We could have approximately 300MM Windows 8 PCs in about 2 years from the time Windows 8 is made generally available, and that is assuming Windows 8 tablets and other form factors don’t take off. With a little bit of upside in other form factors and assuming a small portion of existing Windows 7 user base upgrades to Windows 8, we could be looking at about 400-450MM Windows 8 devices in the market in just a couple of years. No matter what you feel about Windows, that’s a lot of devices! So if you are a smart developer, why would you ignore this opportunity?
Microsoft has touted the existing installed base on 500MM PCs which can be upgraded to Windows 8 today, but I am not looking at it that way. I feel the new users are easier to quantify than the existing user base, and we can think of the upgraders as additive to the argument, especially if it happens in large volumes as Microsoft seems to be implying.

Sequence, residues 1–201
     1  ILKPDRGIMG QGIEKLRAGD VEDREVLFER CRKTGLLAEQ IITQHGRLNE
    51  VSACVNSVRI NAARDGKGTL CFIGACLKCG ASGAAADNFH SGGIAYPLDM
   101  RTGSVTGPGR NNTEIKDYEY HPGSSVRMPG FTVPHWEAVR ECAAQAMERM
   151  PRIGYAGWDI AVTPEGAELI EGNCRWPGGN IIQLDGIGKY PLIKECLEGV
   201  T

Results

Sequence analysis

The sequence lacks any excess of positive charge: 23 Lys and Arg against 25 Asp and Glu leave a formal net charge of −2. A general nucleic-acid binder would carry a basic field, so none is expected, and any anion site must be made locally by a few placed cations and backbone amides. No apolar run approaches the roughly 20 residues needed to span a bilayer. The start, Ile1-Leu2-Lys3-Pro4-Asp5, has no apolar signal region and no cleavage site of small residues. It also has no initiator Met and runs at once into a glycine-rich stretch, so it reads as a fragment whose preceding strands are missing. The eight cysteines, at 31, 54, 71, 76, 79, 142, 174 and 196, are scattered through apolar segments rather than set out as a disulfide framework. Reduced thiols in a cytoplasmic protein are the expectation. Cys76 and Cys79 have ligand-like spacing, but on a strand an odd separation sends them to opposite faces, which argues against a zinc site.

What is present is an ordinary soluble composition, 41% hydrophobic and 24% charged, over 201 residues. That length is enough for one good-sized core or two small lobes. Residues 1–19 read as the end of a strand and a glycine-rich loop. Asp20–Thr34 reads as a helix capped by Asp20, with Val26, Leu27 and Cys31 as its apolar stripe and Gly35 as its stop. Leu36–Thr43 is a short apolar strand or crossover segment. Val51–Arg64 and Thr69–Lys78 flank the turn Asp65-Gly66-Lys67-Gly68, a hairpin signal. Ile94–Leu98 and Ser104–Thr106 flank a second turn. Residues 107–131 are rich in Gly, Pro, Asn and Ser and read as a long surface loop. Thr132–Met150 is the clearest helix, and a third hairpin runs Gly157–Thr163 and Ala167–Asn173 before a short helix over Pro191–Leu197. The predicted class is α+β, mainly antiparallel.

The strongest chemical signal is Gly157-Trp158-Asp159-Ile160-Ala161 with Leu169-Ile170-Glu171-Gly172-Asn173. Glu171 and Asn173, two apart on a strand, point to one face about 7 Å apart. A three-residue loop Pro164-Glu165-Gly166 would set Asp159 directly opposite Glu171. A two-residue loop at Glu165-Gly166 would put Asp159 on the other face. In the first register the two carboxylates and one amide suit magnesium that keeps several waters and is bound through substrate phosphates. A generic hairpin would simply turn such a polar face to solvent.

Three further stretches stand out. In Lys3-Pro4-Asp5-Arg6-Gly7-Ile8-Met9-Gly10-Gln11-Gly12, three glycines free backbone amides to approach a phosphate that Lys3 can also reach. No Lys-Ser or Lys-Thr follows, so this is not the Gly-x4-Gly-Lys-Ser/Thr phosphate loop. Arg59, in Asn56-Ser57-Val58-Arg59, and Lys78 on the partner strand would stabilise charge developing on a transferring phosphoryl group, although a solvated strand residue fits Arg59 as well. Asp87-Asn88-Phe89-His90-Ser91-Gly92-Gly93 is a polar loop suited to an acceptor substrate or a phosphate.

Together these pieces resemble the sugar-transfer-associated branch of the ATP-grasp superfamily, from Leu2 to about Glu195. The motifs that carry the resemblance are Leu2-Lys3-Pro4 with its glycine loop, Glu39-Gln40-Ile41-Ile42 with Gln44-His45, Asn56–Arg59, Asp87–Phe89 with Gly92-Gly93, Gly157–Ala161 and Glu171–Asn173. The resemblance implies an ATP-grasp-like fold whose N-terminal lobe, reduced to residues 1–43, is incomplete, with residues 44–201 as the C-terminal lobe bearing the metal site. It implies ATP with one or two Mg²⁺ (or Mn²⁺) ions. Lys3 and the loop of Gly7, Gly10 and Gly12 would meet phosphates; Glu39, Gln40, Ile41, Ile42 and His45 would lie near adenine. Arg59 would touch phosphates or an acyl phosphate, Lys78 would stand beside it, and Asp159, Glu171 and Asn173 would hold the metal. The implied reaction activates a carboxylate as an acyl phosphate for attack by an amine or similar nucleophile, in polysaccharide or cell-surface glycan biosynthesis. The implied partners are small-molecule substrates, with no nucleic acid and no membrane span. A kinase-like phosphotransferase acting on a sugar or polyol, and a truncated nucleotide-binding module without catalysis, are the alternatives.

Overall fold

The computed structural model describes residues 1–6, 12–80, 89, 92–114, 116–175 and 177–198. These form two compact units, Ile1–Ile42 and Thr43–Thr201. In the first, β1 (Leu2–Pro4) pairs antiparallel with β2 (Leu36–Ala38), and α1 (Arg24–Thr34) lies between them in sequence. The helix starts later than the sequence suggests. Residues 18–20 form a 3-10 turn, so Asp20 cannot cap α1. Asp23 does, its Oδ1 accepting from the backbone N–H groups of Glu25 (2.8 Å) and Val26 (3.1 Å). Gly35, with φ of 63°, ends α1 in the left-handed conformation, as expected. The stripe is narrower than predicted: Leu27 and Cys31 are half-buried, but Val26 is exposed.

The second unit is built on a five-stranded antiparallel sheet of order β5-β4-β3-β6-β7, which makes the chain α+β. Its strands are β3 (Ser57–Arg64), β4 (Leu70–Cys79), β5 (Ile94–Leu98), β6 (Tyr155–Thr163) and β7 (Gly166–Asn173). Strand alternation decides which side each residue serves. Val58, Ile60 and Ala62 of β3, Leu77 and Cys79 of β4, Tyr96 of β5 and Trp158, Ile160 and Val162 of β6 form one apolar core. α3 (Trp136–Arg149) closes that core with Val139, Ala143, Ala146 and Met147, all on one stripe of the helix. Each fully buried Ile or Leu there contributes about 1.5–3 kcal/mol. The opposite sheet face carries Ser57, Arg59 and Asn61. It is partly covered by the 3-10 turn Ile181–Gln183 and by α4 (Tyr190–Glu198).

What about technologies to build the apps?
Technologies should not be a concern either, and in fact the general developer population should be happy Microsoft is exposing the same APIs to HTML/CSS/JS, .Net and C/C++. So you can use HTML not just as client-rendered HTML but more importantly as HTML which can talk to the hardware like other programming languages can. So if you are proficient in the modern HTML5-based technologies, you only need to ensure you target WinRT APIs in your apps in order to make you apps work on any device that runs Windows 8.
Besides the programming languages, frameworks and environments, it is important to note that Windows 8 will support all the modern sensors and so if devices ship with NFC or gyroscopes, they will be available to the developers via the same WinRT APIs, which is another neat benefit of developing for Windows 8.
Windows 8 Development – Simplified Architecture